Each year, the month of April marks April Falls, a campaign that aims to raise awareness of falls prevention and help those at risk of falling to stay on their feet.

Having good balance reduces the risk of trips and falls and helps us to live independently as we get older, which is why this year’s April Falls theme is ‘Better Balance for Fall Prevention’.

Central Coast Local Health District (CCLHD) physiotherapist Matt Egan emphasises the importance of doing strength and balance exercises before you develop a risk of falls.

“Your balance can begin to deteriorate in your 50s, but many people wait until they’re older and frailer to do something about it,” Mr Egan said.

“Falls can be really significant and life changing events as we get older so it’s important to act on early changes to your balance, strength and vision. Don’t wait until having a fall to take action.” he said.

Mr Egan recommends simple tests to do at home to check on your balance, like standing on one leg for 60 seconds and standing on one leg with your eyes closed, without wobbling. It’s best to do these tests near a kitchen bench in case you need to grab it for safety.

If you struggle, there is help available.

“People assume falls are just a normal part of ageing. But most causes of falls are preventable and there’s a lot people can do to reduce their risk of falling,” he said.

NSW Health offers a range of programs to help older adults with balance, including Healthy and Active for Life, a free 10-week online program and Stepping On, a free seven-week program conducted face to face at community locations across the Central Coast.

Other activities recommended to improve balance include tai chi, yoga and lawn bowls.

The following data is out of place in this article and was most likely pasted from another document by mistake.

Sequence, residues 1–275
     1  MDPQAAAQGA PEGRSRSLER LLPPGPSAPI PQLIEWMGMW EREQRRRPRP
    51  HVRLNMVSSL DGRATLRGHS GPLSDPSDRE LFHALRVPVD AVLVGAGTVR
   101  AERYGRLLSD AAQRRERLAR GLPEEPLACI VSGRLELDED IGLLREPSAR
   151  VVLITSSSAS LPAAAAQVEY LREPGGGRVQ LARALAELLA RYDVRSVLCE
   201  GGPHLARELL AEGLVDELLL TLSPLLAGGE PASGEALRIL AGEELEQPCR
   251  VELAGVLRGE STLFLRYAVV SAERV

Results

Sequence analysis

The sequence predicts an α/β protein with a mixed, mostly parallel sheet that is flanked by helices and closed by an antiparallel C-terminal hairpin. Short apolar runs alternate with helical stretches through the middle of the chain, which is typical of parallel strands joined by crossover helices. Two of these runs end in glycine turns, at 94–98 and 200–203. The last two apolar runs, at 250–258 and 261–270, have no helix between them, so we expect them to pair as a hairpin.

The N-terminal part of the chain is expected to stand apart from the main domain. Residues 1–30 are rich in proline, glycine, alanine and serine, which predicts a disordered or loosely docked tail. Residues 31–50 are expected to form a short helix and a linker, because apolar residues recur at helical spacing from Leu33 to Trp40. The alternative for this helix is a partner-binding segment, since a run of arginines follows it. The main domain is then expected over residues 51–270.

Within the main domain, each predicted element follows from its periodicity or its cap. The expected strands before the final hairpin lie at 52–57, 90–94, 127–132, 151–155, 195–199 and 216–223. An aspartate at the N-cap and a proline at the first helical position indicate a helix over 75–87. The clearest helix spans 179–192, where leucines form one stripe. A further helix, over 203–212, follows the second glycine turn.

For more information visit: www.activeandhealthy.nsw.gov.au

Activity spotlight: Tai chi

Tai chi is a form of light-to-moderate intensity activity combining muscle-strengthening, balance and flexibility training for falls prevention.

Indeed, in a research paper titled ‘World Guidelines on Falls Prevention and Management for Older Adults: A Global Initiative’ published in October 2022 by 96 internationally recognised researchers in falls prevention and aging, Tai chi received a “strong recommendation” as an exercise for falls prevention.

Cyril Loa, President of the Tai Chi Association of Australia (TCAA), says tai chi is great for both body and mind.

“One of the things we notice in our classes is how much participants’ ability and confidence improves in their movement sideways, forwards and backwards. Tai chi is a form of moving meditation, so it’s a great way to improve your strength and balance, while being in a relaxed state of mind.

“Building up this strength and confidence is all down to patience and repetition, which is what tai chi helps instill in participants. That is why it is great for flexibility and coordination, and strengthening your legs and core, because you’re often squatting or standing on one leg, twisting and turning.

“What people don’t realise so much is that tai chi can help address problems like being hunched as it can straighten your posture. It can also improve your bone density too. I’ve seen people in my classes who had weak bone density and after a year of tai chi they have above average bone density.

“Classes are friendly and welcome people of all abilities, so I would urge anyone looking to improve their balance and reduce their risk of falls to give tai chi a go.”

You can find details of tai chi classes on the TCAA website: www.taichiaustralia.com/schools.html